The SpaceX Demo-2 Launch will be the first time NASA astronauts launch from American soil into orbit since the shuttle program retired in 2011.
SpaceX’s Crew Dragon capsule will launch atop a Falcon 9 rocket and launch from Cape Canaveral on Wednesday at 3:33 p.m. Central time.
NASA officials are closely watching weather conditions. In the latest briefing on Tuesday, NASA officials said Wednesday’s mission had a 60% chance of favorable conditions.
All times are Central.
The hatch has closed, communication checks and leak checks have been successful.
The latest weather update is that there is still a spot over Orlando that they are watching which will be the decision-factor, however, officials said the weather event there appears to be “eroding,” which is good for launch.
Behnken and Hurley are getting comfortable and are in a seated position ready for launch. Air Force One has arrived, flying around the launchpad with a view of the Crew Dragon.
Elon Musk spoke on NASA-TV giving credit to all of the people ate SpaceX, NASA and others who worked on making the Demo-2 launch happen.
“This is a dream come true ... In 2002 ... I really didn’t think this day would occur ... This really is the culmination of an incredible amount of work ... the result of 100,000 people,” Musk said.
Musk also talked about the responsibility he felt for the well-being of the astronauts.
Meanwhile, at Cocoa Beach, rainy weather and wind intensified.
Bob & Doug get settled in Crew Dragon after signing the wall of the white room with a Sharpie. It’s a new tradition they will be starting. The white room is the last place they will stand on Earth before leaving it. The white room was a coin termed during the Gemini mission when they painted that wall white.
Behnken and Hurley walk out to give goodbyes to family. They take the Tesla Model X to the historic launchpad 39-A. Meanwhile, in Florida, the rain stops for a bit. NASA officials said the weather is a 50% chance for ‘Go.’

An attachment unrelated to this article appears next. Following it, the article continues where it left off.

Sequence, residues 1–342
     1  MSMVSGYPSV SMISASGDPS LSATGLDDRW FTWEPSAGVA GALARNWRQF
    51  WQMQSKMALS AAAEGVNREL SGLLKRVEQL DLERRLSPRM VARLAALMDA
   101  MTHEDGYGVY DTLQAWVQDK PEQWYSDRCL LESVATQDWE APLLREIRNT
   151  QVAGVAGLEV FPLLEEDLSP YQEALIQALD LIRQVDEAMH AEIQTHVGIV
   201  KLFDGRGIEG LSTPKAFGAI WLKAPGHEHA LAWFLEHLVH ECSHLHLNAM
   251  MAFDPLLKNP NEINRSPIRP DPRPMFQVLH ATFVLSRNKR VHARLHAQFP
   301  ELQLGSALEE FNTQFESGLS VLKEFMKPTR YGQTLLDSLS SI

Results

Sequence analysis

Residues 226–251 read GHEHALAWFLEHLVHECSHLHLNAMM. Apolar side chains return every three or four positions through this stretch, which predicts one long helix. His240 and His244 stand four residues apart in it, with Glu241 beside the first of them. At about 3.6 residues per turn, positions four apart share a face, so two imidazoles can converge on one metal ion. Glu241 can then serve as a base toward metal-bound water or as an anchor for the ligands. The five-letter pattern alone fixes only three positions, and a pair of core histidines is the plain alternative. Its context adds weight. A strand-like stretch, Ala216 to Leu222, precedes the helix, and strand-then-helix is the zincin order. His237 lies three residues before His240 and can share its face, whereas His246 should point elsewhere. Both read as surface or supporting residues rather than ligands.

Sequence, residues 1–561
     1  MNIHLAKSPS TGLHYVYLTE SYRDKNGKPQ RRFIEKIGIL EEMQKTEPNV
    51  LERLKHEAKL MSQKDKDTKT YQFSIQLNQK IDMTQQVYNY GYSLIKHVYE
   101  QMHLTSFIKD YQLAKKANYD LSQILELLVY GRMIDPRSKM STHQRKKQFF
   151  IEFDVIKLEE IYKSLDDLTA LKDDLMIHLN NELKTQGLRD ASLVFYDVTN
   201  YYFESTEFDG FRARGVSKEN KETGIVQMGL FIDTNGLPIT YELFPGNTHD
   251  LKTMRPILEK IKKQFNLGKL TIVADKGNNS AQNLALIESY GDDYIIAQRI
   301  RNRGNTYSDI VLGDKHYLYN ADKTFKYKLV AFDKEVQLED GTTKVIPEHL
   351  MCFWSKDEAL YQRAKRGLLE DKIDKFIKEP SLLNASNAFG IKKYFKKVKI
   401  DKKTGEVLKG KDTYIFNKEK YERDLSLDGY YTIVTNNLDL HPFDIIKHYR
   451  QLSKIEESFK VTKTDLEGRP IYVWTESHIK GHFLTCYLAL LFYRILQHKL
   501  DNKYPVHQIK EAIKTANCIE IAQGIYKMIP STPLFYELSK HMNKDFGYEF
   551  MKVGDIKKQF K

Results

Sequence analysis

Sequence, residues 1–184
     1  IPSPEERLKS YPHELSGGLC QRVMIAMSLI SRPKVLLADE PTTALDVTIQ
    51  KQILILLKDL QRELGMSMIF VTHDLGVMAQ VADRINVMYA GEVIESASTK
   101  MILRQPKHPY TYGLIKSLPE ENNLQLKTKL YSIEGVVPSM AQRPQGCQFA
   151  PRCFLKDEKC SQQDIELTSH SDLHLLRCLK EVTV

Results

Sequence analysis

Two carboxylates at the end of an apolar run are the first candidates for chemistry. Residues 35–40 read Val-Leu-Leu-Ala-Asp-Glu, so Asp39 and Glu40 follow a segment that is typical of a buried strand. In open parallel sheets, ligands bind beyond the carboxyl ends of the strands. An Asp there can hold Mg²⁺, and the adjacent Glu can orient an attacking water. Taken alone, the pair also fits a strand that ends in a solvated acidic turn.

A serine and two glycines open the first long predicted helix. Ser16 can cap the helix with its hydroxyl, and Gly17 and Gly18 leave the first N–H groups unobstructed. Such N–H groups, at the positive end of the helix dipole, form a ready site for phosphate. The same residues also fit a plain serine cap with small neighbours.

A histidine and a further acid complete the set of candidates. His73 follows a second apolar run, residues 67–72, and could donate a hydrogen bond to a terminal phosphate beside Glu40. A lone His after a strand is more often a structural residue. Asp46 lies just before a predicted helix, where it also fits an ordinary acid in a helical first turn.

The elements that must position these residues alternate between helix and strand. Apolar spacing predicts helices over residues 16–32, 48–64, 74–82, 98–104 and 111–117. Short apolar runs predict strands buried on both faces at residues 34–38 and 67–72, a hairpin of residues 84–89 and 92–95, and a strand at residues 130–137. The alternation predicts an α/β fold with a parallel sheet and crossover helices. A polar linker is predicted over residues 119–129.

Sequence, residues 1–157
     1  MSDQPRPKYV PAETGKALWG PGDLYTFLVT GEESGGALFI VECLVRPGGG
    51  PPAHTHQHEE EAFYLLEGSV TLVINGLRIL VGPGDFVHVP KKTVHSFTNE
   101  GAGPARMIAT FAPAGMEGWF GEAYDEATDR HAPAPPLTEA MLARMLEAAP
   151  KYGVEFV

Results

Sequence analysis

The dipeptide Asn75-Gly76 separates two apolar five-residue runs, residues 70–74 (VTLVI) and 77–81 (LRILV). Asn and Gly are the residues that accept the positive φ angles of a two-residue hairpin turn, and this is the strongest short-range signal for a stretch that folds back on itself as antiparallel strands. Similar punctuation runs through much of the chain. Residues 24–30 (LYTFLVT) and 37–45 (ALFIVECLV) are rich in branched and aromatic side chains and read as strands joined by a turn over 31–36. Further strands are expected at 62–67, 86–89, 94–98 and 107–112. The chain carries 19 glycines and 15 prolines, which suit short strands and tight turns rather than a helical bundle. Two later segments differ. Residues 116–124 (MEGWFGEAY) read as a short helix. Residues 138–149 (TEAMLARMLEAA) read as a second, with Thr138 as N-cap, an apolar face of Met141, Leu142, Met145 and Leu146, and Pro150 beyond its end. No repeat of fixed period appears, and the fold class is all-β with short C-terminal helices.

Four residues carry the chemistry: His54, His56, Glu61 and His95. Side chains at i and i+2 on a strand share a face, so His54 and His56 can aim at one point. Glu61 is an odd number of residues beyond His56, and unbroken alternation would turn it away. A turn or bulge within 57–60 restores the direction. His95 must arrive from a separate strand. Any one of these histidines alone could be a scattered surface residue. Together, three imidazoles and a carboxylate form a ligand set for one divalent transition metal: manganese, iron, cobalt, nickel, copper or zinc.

Behnken and Hurley finished medical checks, breakfast, lunch and spacesuit checks.
The suits are made by SpaceX and are considered part of the Crew Dragon as they plug directly into the capsule. The suits have their own cooling system and internal communication system and have multiple layers to protect the astronauts and still allow them to communicate with their teams. SpaceX teams said they will soon release weather balloons to get a better idea of conditions.
The astronauts should be getting ready for their 11:20 a.m. weather briefing.
Meanwhile, hundreds of people are now setting up camp at Cocoa Beach Pier. The sun is peaking out among the clouds and many people are excited. Mark Sanchez, a Tesla employee, came out with his family from Buffalo, New York.
“I think it’s great," Sanchez said. "Just the innovation, technology. I work for solar technology, and just to see the new things and the mindset behind the development is great technology.”
“It’s history, so it’s like we’re part of history,” Vanessa Sanchez, Mark Sanchez’s wife, said.
The Sanchez family is like many who traveled and woke up early to get a glimpse of history.
Behind the scenes of Florida coveragePosted by KPRC2 / Click2Houston on Wednesday, May 27, 2020
NASA astronauts, Demo-2 Joint Operations Commander Bob Behnken and Demo-2 Spacecraft Commander Doug Hurley, will get up for a full day leading up to the mission.
“They’ll go through a series of medical checks. After that they’ll get their breakfast,” said Norm Knight, NASA JSC flight control deputy director.
According to NASA officials, breakfast will be whatever the astronauts want.
“[Then they will] get prepped, go into the weather briefing in the afternoon, and then ... jump into suit-up,” Knight said.
The objective of the mission will be to test the SpaceX Crew Dragon, including its state-of-the-art touch screen displays and SpaceX suits that connect to the capsule. This would be the first SpaceX launch with humans on board.
At Cocoa Beach Pier in Cocoa Beach, Florida, a popular place to watch launches at Cape Canaveral, rain poured in the early morning hours. Thunder and lightning lit up the sky. With drier conditions later in the hour, people started coming to the beach to set up a spot to watch the 3:33 p.m. Central time launch.
"We've been watching the weather for a month," Ron Alderman, an Orlando resident, said. "We came here early to get a spot."
“We want the mission to be successful,” Debra Alderma, Ron Alderman’s wife said. The Aldermans used to live in Texas.
“We watched all the shuttle missions,” Ron Alderman said. “This is on the level of John Glenn’s launch, [Alan] Shepard’s launch ... It’s right up there.”